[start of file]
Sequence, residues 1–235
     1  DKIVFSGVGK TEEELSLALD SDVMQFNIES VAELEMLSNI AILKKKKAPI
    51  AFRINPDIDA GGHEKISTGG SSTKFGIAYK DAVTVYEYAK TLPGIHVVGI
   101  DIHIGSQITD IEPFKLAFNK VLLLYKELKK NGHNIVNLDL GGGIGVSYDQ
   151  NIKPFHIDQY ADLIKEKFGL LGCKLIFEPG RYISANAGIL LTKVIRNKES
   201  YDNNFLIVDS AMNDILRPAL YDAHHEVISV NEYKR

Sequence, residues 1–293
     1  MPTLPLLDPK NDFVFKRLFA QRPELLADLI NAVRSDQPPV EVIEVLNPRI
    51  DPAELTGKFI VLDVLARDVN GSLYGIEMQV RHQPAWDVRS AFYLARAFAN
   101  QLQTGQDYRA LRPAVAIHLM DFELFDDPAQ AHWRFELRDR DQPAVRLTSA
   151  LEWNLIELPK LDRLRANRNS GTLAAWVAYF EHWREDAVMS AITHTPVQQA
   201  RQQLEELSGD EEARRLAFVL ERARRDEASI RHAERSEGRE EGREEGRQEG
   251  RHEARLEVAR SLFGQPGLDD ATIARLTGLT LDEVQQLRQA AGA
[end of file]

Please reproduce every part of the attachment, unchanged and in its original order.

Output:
Sequence, residues 1–235
     1  DKIVFSGVGK TEEELSLALD SDVMQFNIES VAELEMLSNI AILKKKKAPI
    51  AFRINPDIDA GGHEKISTGG SSTKFGIAYK DAVTVYEYAK TLPGIHVVGI
   101  DIHIGSQITD IEPFKLAFNK VLLLYKELKK NGHNIVNLDL GGGIGVSYDQ
   151  NIKPFHIDQY ADLIKEKFGL LGCKLIFEPG RYISANAGIL LTKVIRNKES
   201  YDNNFLIVDS AMNDILRPAL YDAHHEVISV NEYKR

Sequence, residues 1–293
     1  MPTLPLLDPK NDFVFKRLFA QRPELLADLI NAVRSDQPPV EVIEVLNPRI
    51  DPAELTGKFI VLDVLARDVN GSLYGIEMQV RHQPAWDVRS AFYLARAFAN
   101  QLQTGQDYRA LRPAVAIHLM DFELFDDPAQ AHWRFELRDR DQPAVRLTSA
   151  LEWNLIELPK LDRLRANRNS GTLAAWVAYF EHWREDAVMS AITHTPVQQA
   201  RQQLEELSGD EEARRLAFVL ERARRDEASI RHAERSEGRE EGREEGRQEG
   251  RHEARLEVAR SLFGQPGLDD ATIARLTGLT LDEVQQLRQA AGA